Wednesday, December 18, 2013

I'm Leaving Pieces

I'm leaving pieces behind
Anywhere I go
Every time I go
I'm leaving behind my soul

I'm breaking into pieces
Every time I go
Leaving pieces of mine 

Every time I go


- Trixie Whitley, "Pieces"

* * *

Lately, the word "combinatoria' has been tracing lines in my head. It feels like the start of something. I'll say this: what is scattered and broken cannot be restored as it was, but can only become something new.

Kintsukuroi, baby.

* * *

I have long argued that the basic need for any last one of us fucked fuckers is to be complete - not improved or made better, but to be complete, completely ourselves and completely at home in the world so we can go see what our lives can do. Right on. Haven't changed my mind. That is still my first foot forward. But I have been thinking lately that there is another layer here, another idea that may belong here. I'm not saying it as fact or gospel, but simply as an idea to consider, test out, to see where it might go. It is this: our completeness is not a restoration, but an on-going process of shedding pieces, adding others, recombining the shards, patterns and impulses and desires into a wholly new thing that in turn will be pulled apart and be reconfigured and reworked into another new thing and that new thing is always the same: you.

Soul sculpture.
Invention.
The combinatoria of history, rhythm, color, sound, desire and its expression from moment to moment: a kiss, a broken hand healed, dinner made, words written, a child soothed, a foe defeated, dancing without music except for the low hum of your love, anger spent, holy silence, letting go, bearing witness, building - always leaning in, hunger, regret, forgiveness of sins, resistance, pride, service, ego, the unbearable lightness of being, transition, omission, spite, a song sung, a life lived out in the fullness of its time.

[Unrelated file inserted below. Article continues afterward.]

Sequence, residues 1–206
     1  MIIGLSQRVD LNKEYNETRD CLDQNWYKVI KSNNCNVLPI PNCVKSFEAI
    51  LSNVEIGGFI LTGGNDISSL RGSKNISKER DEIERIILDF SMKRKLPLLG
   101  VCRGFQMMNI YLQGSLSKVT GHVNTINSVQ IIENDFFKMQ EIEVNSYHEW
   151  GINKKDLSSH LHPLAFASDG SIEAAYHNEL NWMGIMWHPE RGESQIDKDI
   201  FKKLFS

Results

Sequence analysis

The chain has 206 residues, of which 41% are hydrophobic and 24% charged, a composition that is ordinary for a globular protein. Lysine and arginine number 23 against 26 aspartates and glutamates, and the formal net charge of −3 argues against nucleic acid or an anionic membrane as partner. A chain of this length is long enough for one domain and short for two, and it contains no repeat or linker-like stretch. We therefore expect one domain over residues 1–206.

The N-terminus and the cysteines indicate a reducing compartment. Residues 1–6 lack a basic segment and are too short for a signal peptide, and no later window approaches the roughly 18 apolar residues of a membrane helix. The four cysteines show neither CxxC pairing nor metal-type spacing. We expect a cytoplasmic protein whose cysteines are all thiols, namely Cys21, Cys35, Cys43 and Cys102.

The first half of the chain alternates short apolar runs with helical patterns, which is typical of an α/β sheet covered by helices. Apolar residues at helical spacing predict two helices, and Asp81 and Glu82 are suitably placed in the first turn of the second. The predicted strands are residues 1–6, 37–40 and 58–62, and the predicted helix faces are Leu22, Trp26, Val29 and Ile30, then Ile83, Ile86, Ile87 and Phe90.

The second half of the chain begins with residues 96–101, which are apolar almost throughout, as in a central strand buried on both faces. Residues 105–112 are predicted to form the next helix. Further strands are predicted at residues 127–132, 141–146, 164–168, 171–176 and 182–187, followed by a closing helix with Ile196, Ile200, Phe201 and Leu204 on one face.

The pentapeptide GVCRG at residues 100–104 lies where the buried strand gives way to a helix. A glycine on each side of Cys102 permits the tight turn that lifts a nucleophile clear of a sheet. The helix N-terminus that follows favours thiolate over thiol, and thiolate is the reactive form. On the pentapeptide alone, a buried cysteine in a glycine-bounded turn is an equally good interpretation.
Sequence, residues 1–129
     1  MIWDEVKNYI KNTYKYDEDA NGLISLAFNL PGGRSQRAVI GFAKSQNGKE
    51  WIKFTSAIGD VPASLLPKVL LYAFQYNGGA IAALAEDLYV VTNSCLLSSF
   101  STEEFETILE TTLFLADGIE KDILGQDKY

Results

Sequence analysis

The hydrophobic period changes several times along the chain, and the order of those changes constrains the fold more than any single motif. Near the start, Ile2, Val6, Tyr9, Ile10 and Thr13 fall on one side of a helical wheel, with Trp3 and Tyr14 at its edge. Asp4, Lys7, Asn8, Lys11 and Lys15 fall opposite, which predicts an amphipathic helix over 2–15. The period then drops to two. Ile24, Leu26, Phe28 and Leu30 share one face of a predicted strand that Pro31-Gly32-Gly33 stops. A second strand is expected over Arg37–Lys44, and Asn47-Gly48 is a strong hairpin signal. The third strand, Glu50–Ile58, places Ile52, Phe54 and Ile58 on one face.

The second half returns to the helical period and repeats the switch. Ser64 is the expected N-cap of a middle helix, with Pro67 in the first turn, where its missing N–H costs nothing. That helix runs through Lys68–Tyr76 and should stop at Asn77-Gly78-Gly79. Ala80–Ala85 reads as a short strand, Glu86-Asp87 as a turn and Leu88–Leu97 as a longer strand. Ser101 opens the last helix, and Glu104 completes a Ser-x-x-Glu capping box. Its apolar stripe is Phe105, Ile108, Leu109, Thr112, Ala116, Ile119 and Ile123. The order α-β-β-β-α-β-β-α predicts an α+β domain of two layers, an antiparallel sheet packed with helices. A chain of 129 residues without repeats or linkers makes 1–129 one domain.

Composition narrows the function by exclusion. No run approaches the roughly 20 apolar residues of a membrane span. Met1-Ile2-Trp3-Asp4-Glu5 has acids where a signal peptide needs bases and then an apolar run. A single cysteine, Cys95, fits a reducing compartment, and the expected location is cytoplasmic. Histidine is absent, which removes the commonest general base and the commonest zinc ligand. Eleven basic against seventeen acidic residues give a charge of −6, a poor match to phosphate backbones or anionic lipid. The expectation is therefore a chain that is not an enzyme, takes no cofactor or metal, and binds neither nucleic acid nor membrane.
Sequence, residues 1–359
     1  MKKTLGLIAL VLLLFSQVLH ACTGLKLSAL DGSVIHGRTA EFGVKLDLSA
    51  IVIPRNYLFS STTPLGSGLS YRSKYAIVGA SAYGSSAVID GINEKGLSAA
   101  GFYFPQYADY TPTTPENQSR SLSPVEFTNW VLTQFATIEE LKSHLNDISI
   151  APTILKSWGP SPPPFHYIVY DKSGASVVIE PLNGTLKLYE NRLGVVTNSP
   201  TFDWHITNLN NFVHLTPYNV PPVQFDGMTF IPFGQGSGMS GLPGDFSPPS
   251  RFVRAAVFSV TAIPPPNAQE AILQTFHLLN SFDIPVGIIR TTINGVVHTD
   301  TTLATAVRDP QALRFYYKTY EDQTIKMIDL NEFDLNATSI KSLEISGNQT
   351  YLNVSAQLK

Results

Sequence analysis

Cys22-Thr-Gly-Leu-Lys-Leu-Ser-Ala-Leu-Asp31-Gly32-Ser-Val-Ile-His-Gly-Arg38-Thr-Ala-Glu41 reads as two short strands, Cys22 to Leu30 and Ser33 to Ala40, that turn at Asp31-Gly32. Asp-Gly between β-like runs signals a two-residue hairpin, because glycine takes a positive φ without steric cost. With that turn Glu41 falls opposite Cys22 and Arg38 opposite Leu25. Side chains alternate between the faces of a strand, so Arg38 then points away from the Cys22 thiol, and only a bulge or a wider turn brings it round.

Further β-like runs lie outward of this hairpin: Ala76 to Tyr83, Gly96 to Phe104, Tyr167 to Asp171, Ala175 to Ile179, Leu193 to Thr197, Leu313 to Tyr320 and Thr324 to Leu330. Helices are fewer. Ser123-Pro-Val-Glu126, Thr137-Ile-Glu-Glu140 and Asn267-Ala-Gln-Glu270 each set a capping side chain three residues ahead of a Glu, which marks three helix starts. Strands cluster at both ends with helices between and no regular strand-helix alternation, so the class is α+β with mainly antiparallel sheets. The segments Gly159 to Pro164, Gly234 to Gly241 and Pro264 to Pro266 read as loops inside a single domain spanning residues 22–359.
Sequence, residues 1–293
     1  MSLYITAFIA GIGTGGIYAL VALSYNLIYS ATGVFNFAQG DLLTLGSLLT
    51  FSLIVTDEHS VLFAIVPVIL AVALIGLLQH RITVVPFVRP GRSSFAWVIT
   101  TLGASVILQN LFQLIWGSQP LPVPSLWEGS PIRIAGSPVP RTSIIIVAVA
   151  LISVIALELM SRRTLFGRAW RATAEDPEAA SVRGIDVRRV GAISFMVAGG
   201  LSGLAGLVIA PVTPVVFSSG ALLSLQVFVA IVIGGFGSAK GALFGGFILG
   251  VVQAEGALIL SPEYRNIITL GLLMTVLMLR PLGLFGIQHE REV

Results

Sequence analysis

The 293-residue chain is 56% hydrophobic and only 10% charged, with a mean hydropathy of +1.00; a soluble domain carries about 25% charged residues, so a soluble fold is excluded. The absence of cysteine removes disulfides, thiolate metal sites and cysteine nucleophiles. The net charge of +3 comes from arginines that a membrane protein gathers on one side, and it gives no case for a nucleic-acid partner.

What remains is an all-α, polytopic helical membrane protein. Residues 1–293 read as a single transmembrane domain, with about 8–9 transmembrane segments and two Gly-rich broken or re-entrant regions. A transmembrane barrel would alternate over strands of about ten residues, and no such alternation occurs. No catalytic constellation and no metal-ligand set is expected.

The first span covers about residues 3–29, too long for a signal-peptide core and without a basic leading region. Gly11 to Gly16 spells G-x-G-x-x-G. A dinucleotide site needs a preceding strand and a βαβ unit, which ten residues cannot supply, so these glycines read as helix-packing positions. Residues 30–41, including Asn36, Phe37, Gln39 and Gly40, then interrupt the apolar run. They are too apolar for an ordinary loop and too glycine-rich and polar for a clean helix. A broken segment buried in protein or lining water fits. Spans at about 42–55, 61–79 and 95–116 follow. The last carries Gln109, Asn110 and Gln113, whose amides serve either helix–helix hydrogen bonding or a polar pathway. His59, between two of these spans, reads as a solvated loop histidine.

* * *

When the rains come, when things fall apart, when we fail ourselves we are being asked by life to get to the work of leaving behind what no longer works or serves the invention of each moment. Just or unjust, the breaking apart of the structures that have failed us is the necessary first step to learning where we can rebuild, what can be salvaged and re-purposed, combined with some other thing to make a new thing that could not have existed without the rains and the falling apart and the question asked: now what you gonna do?

There's beauty ahead. I promise.

Leave behind what no longer works. Your wholeness is a combination of additions and subtractions and it changes all the time. Believing it is set in stone leaves you unprepared for the inevitable transitions that will skate into your life. Lean in. Ride the leading edge and be an active participant in the changes.

The Baal Shem Tov walked into fields of grass and prayed for the scattered light of God buried in each blade to rise up and be restored.

Walk into the field of your life and pray that you can take what is scattered, incomplete, broken and use it to find out what you can yet be. It is the privilege of a lifetime to combine your spirit with your body, with your mind and see what you can make of it. Just remember: it is in combining, recombining, and re-imagining that you find your feet.

* * *

Boom.

__________

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